Monday, May 02, 2016

Two teaching experiments with Google Hangous on Air

I teach a class on the applications, implications and technology of the Internet and a major theme running through the course is the use of the Internet as a tool for collaboration. As such, we tried two teaching experiments using Google Hangouts on Air (GHoA).

(GHoA is a free video conferencing application for up to ten people. It differs from other video conferencing services in two ways -- an audience of unlimited size can watch the video conference while it is live and it is automatically recorded and stored on YouTube when it ends).

Student "office hours"

Our first experiment was having students who had done well on the midterm hold "office hours" online using GHoA. I did not participate in any of the sessions, but reviewed the videos afterward.

Students holding "office hours" online

Since I was not "present," the students were generally unguarded and light hearted, talking more freely than in class. Their discussion revealed a couple of content misconceptions, which I corrected the following week.

They also discussed the class itself. One group agreed that it was harder than they had expected and one group felt free to criticize the class. That gave me the opportunity to bring their criticism to the entire class, discuss the point they made and to give the most critical student extra credit for speaking his mind.

They talked about their study habits and how to do well in the class. In doing so, one group came up with the idea of using our weekly quizzes as a “study guide” and answer/discuss questions online. (I don't give them the answers).

They also got to see and hear themselves in an online conference and learned some practical things about microphone adjustment, camera location when using a phone or tablet, microphone positioning, speaker feedback, etc.

The sessions were not mandatory, but I gave those who participated extra credit for convening or attending a session. Many students chose not to participate and I polled them, asking why. Schedule conflicts at the time sessions were convened was the most frequently cited reason.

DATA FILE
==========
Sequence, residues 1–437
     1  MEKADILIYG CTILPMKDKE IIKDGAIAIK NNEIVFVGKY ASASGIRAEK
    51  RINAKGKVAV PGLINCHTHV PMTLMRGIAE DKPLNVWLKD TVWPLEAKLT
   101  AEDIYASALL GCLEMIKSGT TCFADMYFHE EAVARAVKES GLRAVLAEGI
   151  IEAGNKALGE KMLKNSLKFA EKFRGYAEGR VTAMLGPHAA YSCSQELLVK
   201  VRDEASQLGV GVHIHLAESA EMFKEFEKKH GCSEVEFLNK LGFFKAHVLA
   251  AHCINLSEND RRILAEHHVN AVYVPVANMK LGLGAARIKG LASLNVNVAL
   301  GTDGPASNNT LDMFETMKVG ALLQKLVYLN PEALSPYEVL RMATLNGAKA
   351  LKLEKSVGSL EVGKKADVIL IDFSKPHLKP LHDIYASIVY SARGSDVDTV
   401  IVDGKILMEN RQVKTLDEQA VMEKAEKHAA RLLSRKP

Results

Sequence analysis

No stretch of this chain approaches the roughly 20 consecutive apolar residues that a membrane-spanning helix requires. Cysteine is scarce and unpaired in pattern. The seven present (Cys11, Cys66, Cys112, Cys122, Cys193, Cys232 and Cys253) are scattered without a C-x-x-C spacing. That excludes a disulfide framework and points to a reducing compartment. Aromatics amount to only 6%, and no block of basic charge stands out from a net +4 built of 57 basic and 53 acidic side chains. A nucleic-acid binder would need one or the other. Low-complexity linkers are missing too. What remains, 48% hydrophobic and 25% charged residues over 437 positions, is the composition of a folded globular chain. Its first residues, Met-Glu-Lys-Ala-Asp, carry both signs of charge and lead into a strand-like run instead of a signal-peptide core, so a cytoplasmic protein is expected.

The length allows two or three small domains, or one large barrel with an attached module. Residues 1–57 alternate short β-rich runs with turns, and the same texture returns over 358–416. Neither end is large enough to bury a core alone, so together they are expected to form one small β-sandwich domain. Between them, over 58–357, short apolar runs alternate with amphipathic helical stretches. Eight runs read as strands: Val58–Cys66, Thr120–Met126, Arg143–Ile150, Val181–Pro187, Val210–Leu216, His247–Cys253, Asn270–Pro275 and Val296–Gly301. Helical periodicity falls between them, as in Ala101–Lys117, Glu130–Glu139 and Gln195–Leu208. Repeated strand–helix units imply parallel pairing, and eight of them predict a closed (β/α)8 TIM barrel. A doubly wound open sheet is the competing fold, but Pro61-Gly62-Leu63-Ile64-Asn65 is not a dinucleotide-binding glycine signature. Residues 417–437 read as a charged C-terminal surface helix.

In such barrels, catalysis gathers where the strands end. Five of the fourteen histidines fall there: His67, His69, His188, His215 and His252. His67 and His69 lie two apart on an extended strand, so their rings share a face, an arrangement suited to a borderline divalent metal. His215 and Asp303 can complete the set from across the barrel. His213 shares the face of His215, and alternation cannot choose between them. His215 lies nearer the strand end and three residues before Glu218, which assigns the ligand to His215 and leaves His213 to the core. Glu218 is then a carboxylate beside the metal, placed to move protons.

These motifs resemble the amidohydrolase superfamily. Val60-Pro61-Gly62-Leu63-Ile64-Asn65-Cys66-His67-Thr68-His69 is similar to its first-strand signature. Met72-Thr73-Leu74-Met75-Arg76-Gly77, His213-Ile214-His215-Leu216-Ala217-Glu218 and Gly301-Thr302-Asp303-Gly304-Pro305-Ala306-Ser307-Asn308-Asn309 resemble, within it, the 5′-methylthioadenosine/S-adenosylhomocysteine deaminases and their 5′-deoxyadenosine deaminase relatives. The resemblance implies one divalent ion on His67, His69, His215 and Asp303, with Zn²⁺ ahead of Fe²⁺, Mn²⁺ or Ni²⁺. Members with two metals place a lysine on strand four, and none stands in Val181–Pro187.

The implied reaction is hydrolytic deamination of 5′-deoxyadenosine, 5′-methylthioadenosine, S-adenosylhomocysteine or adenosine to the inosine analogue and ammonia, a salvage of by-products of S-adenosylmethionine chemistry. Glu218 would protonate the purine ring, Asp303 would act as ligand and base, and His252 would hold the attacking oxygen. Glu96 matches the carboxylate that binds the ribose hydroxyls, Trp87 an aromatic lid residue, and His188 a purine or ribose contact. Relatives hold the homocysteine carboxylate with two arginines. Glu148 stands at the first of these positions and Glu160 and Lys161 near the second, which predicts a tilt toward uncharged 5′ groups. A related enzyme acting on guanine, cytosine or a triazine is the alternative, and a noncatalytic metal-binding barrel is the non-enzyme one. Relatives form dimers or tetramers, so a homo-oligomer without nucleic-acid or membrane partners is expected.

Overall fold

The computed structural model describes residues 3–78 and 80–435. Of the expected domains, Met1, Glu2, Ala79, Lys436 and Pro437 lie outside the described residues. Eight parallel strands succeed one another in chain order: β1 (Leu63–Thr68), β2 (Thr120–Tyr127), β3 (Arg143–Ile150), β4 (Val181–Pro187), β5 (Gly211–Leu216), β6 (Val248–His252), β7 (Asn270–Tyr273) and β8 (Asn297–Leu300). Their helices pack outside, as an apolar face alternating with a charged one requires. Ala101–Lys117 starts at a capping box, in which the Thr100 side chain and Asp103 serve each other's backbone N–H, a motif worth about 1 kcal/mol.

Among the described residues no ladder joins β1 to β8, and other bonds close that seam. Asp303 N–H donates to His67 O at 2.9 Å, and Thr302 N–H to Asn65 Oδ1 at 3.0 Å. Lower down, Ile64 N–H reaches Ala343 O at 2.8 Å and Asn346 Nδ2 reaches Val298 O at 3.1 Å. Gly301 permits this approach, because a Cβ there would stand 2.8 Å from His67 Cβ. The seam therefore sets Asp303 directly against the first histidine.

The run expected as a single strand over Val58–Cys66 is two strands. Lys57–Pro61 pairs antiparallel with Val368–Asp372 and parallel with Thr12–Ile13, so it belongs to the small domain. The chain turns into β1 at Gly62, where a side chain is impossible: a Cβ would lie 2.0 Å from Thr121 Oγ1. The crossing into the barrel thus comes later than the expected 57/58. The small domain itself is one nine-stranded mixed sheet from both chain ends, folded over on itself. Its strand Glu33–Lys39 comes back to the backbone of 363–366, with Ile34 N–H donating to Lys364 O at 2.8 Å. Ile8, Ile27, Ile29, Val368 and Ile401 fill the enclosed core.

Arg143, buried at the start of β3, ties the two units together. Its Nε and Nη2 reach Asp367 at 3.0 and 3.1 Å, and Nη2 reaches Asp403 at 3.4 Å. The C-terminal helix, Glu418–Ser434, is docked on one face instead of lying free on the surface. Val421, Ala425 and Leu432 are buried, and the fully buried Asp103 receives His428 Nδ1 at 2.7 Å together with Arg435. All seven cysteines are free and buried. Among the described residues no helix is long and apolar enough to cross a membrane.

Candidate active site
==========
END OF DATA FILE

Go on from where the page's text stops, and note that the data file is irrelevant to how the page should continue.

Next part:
An online class meeting

The second experiment was to conduct a class session using GHoA instead of in the classroom. (We met at the usual class time, so schedule conflicts were not an issue).

I begin each week with a presentation of misconceptions I saw in their homework assignments and quiz answers from the previous week and current events relevant to our class. Since the goal of the class is to introduce the "skills and concepts needed for success as a student and after graduation as a professional and a citizen," that is followed by presentations focused on a couple of concepts and on a skill, for example, how to use GHoA, an image editor, etc.

I followed the usual in-class format during the GHoA session. The first nine students who "came" to the GHoA session joined the live video conference and those who logged in later joined the viewing "audience."

This was the first time I had run a GHoA class, and it was a learning experience for me. As shown below, I made a number of technical errors. It also felt strange to be presenting material without seeing the audience -- it made me appreciate radio announcers. I suspect one could get used to it.

Mistakes due to my inexperience

I also made the mistake of not preparing the students well enough. They only had one presentation and one assignment with GHoA before we ran our experiments.

After the session, I polled the students on their experience during the live hangout and their use of the recorded video. Here are the poll results for three of the questions on the live hangout:

Selected responses regarding the live class session

And two of the questions about their use of the recorded video after the session:

Selected responses regarding the session recording

As you see, they said they were more comfortable viewing the session at home than in class, their minds were less likely to wander and they generally thought it was as good or better than the classroom as a learning experience. The majority went back and watched at least a portion of the session recording, but there was an inconsistency in their reporting.

The last four questions asked about their overall preference and solicited comments. When asked whether they preferred meeting in class or meeting in a GHoA, 53% preferred the GHoA, 13% the classroom and 33% were indifferent. When I asked them in class what they thought was the best way to offer the course next semester, the consensus was that the first few meetings should be in the classroom and about half of the remaining meetings should be online.

(There were 19 questions in the entire questionnaire and you can see the full poll results (including their comments) here).

This was my first try at using GHoA and I made several mistakes which could be corrected. If others have used GHoA as a collaborative teaching tool, please share your experience.

No comments:

Post a Comment